Isn't it amazing how much terms can differ. In the STB world a buxton is similar to a breastcollar (http://bigdweb.com/detail.aspx?id=19377) It hooks between the legs on the grith and above the shoulders onto the saddle.
    We've been dragging things from the saddle, so once I get a harness, he'll start dragging things while I line drive. I've seen some nasty accidents and don't plan on repreating any.

    Thanks for the advice. I'll be sure to scan the archives as we get closer to getting hitched to the cart. Right now, he needs lots of ground work. I figure all of this will make him better under saddle as well.



  6. #6
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    Default

    Yes, amazing. This is a Buxton to me:
    http://www.morgancarriage.com/?q=node/158


    Quote Originally Posted by AQHA4me View Post
    Isn't it amazing how much terms can differ. In the STB world a buxton is similar to a breastcollar (http://bigdweb.com/detail.aspx?id=19377)



  7. #7
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    Default

    Two very different pieces of equipment. I can now understand the concern about me modifying a buxton to make a martingale



  8. #8
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    Quote Originally Posted by AQHA4me View Post
    You are correct, we don't use an overcheck to show the stock breeds. I figured I'd just leave the overcheck off the bridle. Its a martingale style, like this http://www.wagondraggin.com/images/cpd1.jpg.
    Just a note, but that horse has an overcheck on. See the forked strap across his forehead and going down to the bit? That's an overcheck and they're very common in stock breed fine harness from what I've seen. The difference is they're adjusted much looser than on a Standardbred racing harness and are often of rolled leather or other fine materials.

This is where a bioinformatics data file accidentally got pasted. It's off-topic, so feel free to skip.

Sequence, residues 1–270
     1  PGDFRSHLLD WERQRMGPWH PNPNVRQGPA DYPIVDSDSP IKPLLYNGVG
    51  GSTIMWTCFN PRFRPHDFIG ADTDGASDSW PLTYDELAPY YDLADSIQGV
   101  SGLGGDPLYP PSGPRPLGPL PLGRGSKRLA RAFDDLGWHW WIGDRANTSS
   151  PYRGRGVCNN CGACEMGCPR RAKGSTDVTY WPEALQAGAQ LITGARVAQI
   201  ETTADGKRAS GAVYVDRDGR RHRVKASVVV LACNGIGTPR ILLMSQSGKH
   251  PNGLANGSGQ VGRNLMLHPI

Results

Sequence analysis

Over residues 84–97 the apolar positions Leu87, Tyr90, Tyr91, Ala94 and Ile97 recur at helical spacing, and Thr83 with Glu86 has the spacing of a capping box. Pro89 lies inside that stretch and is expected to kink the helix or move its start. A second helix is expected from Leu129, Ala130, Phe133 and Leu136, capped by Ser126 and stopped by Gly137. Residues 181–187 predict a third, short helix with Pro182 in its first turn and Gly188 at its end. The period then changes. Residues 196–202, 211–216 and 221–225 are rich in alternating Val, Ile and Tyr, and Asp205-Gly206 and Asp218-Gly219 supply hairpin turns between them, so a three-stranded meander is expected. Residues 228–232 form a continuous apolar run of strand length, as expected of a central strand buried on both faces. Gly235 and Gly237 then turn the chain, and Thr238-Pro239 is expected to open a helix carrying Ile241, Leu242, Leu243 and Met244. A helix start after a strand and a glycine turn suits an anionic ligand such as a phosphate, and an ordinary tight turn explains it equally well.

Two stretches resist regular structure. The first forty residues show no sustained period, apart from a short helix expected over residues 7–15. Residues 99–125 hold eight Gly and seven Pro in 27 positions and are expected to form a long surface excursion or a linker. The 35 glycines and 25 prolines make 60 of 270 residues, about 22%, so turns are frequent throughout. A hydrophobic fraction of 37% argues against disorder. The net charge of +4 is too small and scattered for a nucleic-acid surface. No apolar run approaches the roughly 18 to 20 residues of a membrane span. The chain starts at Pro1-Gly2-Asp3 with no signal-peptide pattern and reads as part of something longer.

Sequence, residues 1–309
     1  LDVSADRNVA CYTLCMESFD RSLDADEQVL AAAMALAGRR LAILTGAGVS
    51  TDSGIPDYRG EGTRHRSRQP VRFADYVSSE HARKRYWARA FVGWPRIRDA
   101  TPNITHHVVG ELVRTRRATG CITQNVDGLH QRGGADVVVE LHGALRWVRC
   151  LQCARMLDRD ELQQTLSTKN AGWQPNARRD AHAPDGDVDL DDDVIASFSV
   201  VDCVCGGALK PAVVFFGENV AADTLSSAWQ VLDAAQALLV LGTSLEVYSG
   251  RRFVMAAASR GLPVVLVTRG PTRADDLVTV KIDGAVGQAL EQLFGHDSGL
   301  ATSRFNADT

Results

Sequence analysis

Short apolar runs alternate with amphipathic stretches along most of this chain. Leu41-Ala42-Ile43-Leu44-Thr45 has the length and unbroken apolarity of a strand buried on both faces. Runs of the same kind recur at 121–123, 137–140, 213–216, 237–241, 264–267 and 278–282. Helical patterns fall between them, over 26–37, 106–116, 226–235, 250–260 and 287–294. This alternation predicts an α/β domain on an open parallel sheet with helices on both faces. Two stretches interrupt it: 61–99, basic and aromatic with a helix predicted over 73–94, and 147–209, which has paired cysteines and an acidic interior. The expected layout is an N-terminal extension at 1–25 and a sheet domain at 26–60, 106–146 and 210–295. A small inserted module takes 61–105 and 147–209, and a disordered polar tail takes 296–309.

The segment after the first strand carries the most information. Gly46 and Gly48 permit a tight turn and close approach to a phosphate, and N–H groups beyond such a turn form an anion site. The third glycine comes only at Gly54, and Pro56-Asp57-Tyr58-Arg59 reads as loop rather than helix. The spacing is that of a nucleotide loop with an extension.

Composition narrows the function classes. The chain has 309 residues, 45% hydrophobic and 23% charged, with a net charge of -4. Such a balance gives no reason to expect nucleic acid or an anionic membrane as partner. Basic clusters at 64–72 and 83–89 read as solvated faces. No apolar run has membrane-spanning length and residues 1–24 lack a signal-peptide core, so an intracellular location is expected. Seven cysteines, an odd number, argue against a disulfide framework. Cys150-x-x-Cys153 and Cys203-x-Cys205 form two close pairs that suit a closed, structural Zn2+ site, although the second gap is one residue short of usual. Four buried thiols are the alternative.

Goodhors, "martingale" in this case refers to a true running martingale rather than a "false martingale" which is attached to the breastcollar and holds it in position. Most fine harnesses have running martingales like the one pictured, where the strap runs through a keeper on the breastcollar and ends in two rings the reins run through. They are very common with overchecks as a tight check makes the horse want to stick his nose out and flip his head up and strapping him down with a martingale keeps him trapped in position. I have no problem with a decorative-only martingale being left on a show harness (I have one, actually) but hate it when they're so tight they break the line of the reins and they're the only thing keeping the horse under control. Thankfully that's not usually an issue with the stock breeds as they travel with a low headset and the martingale and check are both pretty loose.

    I figured out which "Buxton" the OP was referring to but I have to admit it took me a minute! *LOL*

    Have fun with your horse, it sounds like you've put a good foundation on him.

    Leia
    Hey look, I joined ANOTHER forum! And you thought horses were addictive.



  9. #9
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    Default

    So, the over check discussion made me check the rule book. The only required equipment is:
    EQUIPMENT.
    1. Equipment to be used shall include a whip suitable to the cart, light
    horse breast collar harness to include surcingle with shaft tie downs
    or quick hitch and crupper and standard bridle.
    a. Optional Equipment. Blinders, overcheck or check reins,
    breeching or thimbles, running martingales, cavesson noseband
    may be used at the option of the exhibitor.
    2. Bits. See SC-200.A.3.&4. In addition, half cheek snaffle, liverpool,
    elbow driving and bradoon overcheck are also permitted. However,
    all mouthpieces must be a minimum of 5/16 inch (7.9mm) in diameter
    measured one inch from the cheek.